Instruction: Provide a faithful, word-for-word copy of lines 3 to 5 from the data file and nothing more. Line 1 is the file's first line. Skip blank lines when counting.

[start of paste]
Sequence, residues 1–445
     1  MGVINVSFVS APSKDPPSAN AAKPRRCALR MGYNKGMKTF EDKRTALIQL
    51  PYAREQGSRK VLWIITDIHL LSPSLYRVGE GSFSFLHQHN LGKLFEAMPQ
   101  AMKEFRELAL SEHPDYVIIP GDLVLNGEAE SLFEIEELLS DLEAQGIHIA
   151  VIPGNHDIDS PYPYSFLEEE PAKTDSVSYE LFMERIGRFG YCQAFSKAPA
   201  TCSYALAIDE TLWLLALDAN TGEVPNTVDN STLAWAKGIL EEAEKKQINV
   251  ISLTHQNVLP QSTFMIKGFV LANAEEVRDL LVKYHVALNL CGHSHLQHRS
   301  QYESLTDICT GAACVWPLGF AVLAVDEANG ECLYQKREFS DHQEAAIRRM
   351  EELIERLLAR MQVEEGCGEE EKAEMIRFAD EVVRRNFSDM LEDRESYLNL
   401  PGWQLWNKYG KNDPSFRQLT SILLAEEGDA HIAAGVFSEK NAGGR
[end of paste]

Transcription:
    51  PYAREQGSRK VLWIITDIHL LSPSLYRVGE GSFSFLHQHN LGKLFEAMPQ
   101  AMKEFRELAL SEHPDYVIIP GDLVLNGEAE SLFEIEELLS DLEAQGIHIA
   151  VIPGNHDIDS PYPYSFLEEE PAKTDSVSYE LFMERIGRFG YCQAFSKAPA